In order to deliver leading edge products your R&D efforts need to be constantly one additional step ahead of the ‘leading edge’,I have heard this called the ‘bleeding edge’ or basically predicting the future!
Since we founded bemoko in 2007 predicting the future has basically been our job, looking way out there at technology trends, consumer adoption and technical advancements in both software and hardware and assessing what’s going to shape the future technology landscape.
bemoko has been amazingly adept at getting our predictions right, which I think comes down to having immense passion for what we do. In 2007 long before the first smart phone, we built our mobile web delivery platform designed to deliver mobile web for any device. In 2007 this seemed like a bonkers idea, but we were all passionately convinced that pretty soon companies would need to take a mobile first approach to web development – a concept that is just emerging today and one that bemoko have the leading and most advanced solution to deliver against.
With all things web and especially mobile, nothing stands still for long so as we continue to innovate we continue to look ahead what we need to do to remain at the leading edge. So what does that look like? Our overarching feeling is that devices, desktop, mobile, tablet and all the other groovy things like Google glasses will soon just merge into “web” pretty soon developing in silos will be a thing of the past, we’re calling this One
Web; an environment where people will surf, shop, play, chat, and do all the other things that being “constantly connected” will deliver but the physical device will be secondary.
In this new and exciting environment the biggest challenge will be managing a customer’s experience as they move across channels and devices – their expectation will be one of a seamless experience that adapts and morphs to the specific time, place and interface. So as important as the ability to deliver content ubiquitously, the content itself will need to be highly adaptive and interpretive. This is next generation customer experience management (CXM)
This new era of CXM, which we are all approaching at break-neck speeds will require advanced technology and broad expertise drawn from what are currently slightly different but aligned technology backgrounds of content management and user experience, and cross device delivery (e.g. mobiles, tablets, cars and TV’s etc.) Bring these two elements together and the result will be at the cutting edge of ubiquitous computing (Sometimes referred to as omni-channel)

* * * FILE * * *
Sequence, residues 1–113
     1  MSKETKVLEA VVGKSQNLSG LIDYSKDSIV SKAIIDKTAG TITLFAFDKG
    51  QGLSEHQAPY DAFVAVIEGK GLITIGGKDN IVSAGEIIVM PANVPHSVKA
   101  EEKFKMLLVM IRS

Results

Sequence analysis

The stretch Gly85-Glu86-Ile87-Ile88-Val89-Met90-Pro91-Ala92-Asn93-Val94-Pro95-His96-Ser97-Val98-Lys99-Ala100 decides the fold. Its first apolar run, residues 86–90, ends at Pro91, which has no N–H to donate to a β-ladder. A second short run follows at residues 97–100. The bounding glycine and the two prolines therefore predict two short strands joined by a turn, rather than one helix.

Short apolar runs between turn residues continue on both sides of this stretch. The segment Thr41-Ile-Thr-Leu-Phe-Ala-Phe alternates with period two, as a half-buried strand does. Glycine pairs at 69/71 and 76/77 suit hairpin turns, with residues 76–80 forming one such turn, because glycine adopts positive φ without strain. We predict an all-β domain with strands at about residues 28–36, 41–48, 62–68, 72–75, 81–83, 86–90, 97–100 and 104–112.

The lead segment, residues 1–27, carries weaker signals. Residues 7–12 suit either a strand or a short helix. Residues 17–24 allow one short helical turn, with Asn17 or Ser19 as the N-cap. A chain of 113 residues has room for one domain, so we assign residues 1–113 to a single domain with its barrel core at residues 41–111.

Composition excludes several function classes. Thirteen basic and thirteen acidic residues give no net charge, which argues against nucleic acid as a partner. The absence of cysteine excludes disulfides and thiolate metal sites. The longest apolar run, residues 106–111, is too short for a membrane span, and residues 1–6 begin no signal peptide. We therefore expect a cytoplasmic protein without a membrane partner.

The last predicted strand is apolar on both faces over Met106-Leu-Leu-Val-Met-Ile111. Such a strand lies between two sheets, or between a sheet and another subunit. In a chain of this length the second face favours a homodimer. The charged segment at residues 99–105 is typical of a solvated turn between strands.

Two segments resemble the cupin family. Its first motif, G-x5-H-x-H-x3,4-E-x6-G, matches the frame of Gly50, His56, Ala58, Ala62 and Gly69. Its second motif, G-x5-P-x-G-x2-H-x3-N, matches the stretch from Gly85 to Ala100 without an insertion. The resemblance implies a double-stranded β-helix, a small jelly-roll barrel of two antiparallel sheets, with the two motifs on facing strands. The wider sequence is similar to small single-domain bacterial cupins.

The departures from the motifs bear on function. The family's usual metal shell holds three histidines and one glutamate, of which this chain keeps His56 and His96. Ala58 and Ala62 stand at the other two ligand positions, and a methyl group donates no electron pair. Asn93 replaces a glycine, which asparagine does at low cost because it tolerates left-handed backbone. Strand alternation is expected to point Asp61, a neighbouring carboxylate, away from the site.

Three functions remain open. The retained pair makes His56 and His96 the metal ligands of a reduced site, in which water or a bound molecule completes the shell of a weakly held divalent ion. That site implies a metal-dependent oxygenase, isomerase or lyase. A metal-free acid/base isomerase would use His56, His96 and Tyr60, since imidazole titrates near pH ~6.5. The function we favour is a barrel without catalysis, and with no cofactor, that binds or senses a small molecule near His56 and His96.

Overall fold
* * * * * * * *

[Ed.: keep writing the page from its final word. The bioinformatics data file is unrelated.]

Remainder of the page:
So in our quest to innovate and continue to provide leading edge services we have brought bemoko and SDL Plc an international provider of digital customer experience management solutions together in an acquisition of bemoko by SDL. Adding the bemoko multichannel delivery technology into SDL’s suite of customer experience management solutions will enhance SDL’s existing capabilities and deliver an incredible combination of products built for the next generation of web – ‘One Web’.
We are all hugely excited to be in a new home with new technology capabilities,wider expertise and an international footprint and are looking forward to continuing to be at the leading edge for many years to come.
Mobile is changing
Web content is changing
Internet is changing
For further information visit http://bit.ly/bemokosdl
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Phillip Clement – @PhillipClement
Posted By Emily Nicholls Wednesday, August 22, 2012. No Comments
PIZZA HUT DELIVERY LAUNCHES MOBILE ORDERING
Pizza Hut Delivery has launched a new mobile version of its UK website to allow customers to easily place orders for delivery or collection from their mobile.
The site is a mobile-optimised version of the main Pizza Hut website. When a customer visits www.pizzahut.co.uk from a mobile device to order a delivery and enters their postcode, the site automatically appears in the format which best suits their screen.
The exciting new version of the site enables customers to pick the ‘Hut’ they want to order from, and gives them the ability to place future orders, see the latest deals and promotions and share their orders with their friends by linking directly to social media.
Mags Dixon, Chief Marketing Office for Pizza Hut , said “The customer experience is always a priority for us, so we’re delighted to be able to give people the opportunity to order online from any mobile device in such an innovative way. We’re giving our customers exactly what they told us they wanted, and we’re expecting a large proportion of our sales to now come from mobile.”
To build the site, Pizza Hut Delivery commissioned Bemoko, who gave the mobile optimised website all the functionality anyone would ever want, including click to call, a location map, a deals maker, the option to enter a voucher code into your basket, and the ability to make an order via Facebook Connect.
Phillip Clement, Sales and Marketing Director for Bemoko, said “Pizza Hut Delivery wanted the best user experience across the widest range of handsets with fast download times and full analytics. They wanted maximum flexibility and agility moving forward, but they also wanted it delivered fast.”
About Pizza Hut Delivery:
Pizza Hut Delivery opened its first UK store in 1988, and its first franchised store in 2011. There are now 300 Pizza Hut Delivery units across England, Scotland and Wales. Pizza Hut Delivery is a wholly owned subsidiary of YUM!, one of the world’s largest franchisors; around 76% of the 13,000 Pizza Huts around the world are franchise owned. Pizza Hut is one of the UK’s most popular social media brands, according to a SocialBakers 2012 report.
Bemoko creates an unrivalled mobile user experience from your existing web content – with the crucial operational simplicity needed to meet your business goals. Bemoko allows you to quickly gain access to unbeatable performance across smartphones, tablets, e-commerce, social media…and whatever comes next.
Posted in: business, facebook, fast food, iphone, mobile, mobile design, mobile search, mobile technology, mobile UX, mobile web, multichannel, PC website, pizza hut, press, public website news, retail, smartphone, social, tablet, transactional, web optimisation
Posted By Emily Nicholls Wednesday, June 6, 2012. No Comments
Designing the User Experience 5 year Plan